gms | German Medical Science

65th Annual Meeting of the German Society of Neurosurgery (DGNC)

German Society of Neurosurgery (DGNC)

11 - 14 May 2014, Dresden

Clinical outcome in patients with cranial or maxillofacial bone defects reconstructed with bone stimulating implants

Meeting Abstract

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  • Thomas Engstrand - Stockholm Craniofacial Centre, Department of Reconstructive Plastic Surgery, Karolinska University Hospital and Karolinska Institute, Stockholm, Sweden
  • Lars Kihlström - Stockholm Craniofacial Centre, Department of Neurosurgery, Karolinska University Hospital and Karolinska Institute, Stockholm, Sweden

Deutsche Gesellschaft für Neurochirurgie. 65. Jahrestagung der Deutschen Gesellschaft für Neurochirurgie (DGNC). Dresden, 11.-14.05.2014. Düsseldorf: German Medical Science GMS Publishing House; 2014. DocDI.18.09

doi: 10.3205/14dgnc249, urn:nbn:de:0183-14dgnc2492

Published: May 13, 2014

© 2014 Engstrand et al.
This is an Open Access article distributed under the terms of the Creative Commons Attribution License ( You are free: to Share – to copy, distribute and transmit the work, provided the original author and source are credited.



Objective: Bone autografts and alloplastic prostheses used for craniomaxillofacial bone repair are associated with resorption, infection and extrusion, which may limit their use in difficult cases. The purpose of this study was to examine the clinical outcomes of using customized implants with unique calcium phosphate composition for this indication.

Method: Twenty-five patients with various cranial or maxillofacial defects were treated with customized implants comprising ceramic tiles interconnected by titanium mesh manufactured by molding technique (CranioPSI, Ossdsign Sweden). The defect sizes measured from 15 to 320 cm2. The follow-up times were from 1 to 42 months.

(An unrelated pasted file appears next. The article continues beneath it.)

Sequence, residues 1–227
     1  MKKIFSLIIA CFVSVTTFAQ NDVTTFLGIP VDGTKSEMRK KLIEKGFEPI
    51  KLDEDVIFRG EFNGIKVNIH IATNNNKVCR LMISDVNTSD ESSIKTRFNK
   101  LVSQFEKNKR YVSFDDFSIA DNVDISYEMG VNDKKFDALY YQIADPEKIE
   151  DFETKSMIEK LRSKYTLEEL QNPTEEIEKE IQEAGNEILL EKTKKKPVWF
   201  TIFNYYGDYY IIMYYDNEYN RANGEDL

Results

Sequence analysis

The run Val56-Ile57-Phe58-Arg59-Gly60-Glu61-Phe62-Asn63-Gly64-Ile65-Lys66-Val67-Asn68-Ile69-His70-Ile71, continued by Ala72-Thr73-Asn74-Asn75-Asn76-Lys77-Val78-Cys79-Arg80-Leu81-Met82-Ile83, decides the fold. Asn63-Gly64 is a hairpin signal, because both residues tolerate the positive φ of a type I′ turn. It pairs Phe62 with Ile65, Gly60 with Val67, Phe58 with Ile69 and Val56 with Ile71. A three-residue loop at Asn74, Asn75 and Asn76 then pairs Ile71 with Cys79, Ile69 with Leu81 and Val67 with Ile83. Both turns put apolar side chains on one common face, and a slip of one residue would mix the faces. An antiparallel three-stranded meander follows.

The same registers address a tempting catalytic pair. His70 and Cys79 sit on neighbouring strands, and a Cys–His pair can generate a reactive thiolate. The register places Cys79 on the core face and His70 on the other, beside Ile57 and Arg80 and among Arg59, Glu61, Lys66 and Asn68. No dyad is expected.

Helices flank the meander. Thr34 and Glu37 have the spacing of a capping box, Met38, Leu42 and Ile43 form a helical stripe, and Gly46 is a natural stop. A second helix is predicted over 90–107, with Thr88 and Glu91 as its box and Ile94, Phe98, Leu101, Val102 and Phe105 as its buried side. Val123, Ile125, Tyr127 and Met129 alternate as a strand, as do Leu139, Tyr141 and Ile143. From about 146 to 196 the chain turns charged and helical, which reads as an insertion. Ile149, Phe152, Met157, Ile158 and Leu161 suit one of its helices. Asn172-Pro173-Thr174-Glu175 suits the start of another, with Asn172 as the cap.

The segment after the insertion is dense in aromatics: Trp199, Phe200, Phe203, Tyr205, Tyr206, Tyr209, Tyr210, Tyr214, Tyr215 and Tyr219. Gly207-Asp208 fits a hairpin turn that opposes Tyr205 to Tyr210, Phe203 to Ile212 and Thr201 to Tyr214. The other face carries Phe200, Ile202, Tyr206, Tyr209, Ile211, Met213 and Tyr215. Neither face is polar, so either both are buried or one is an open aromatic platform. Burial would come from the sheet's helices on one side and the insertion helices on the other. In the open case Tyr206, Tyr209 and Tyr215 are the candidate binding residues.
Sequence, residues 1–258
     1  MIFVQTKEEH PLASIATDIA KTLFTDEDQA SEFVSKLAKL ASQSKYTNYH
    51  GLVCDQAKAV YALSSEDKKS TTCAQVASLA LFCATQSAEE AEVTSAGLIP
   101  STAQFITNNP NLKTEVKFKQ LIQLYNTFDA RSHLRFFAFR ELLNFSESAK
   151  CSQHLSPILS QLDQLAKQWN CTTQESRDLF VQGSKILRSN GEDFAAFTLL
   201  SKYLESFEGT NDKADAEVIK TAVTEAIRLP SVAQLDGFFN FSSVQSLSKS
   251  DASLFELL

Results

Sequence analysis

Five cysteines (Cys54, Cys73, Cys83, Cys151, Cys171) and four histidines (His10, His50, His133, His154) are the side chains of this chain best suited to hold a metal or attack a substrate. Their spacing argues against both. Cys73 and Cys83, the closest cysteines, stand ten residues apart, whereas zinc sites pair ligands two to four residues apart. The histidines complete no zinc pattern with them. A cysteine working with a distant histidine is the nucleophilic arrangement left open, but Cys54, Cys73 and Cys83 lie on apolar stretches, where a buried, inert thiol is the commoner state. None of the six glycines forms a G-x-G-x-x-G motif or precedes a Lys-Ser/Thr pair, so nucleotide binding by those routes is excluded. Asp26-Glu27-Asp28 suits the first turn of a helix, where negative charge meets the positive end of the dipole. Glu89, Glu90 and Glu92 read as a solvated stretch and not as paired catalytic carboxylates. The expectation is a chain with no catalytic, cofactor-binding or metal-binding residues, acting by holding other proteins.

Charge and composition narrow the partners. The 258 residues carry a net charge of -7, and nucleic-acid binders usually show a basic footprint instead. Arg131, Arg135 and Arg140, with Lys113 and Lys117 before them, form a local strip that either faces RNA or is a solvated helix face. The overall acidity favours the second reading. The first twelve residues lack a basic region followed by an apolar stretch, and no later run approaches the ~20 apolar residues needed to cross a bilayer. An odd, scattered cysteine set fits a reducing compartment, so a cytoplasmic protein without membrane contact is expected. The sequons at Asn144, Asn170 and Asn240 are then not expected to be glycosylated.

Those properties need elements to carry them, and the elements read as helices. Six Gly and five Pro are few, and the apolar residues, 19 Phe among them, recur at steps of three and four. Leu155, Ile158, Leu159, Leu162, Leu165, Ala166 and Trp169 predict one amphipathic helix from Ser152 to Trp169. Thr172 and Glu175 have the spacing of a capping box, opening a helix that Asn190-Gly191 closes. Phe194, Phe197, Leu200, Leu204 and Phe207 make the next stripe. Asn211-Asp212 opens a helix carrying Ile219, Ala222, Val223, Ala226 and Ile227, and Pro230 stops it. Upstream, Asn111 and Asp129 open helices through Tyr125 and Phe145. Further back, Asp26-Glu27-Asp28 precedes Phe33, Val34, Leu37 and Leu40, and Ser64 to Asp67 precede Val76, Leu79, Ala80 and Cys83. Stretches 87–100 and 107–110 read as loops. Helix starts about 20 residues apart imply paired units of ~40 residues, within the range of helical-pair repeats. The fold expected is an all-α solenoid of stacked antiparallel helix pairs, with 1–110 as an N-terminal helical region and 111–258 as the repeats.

Results: Twenty-three out of 25 patients displayed successful clinical results without signs of acute or long-term complications. [18F]-fluoride PET-CT scans performed in two patients 27 and 29 months after surgery indicated bone formation. One patient had an early postoperative infection that required removal of the implant. Another patient was unsatisfied with the aesthetical result with flat contour of the reconstructed frontal bone. A new implant was therefore inserted 9 months after surgery. The explant was histologically examined and analyzed with rtPCR showing intra-membranous bone growth adjacent to the ceramic discs and the expression of osteocalcin and osteopontin, respectively.

Conclusions: The use of bone stimulating implants may be required to successfully repair difficult cranial bone defects. The calcium phosphate-based implant, as presented, was shown to stimulate bone growth. The long-term healing effects were excellent, also in patients where previous implants had failed. These results encourage the use of the implant for cranial repair, particularly in therapy-resistant cases.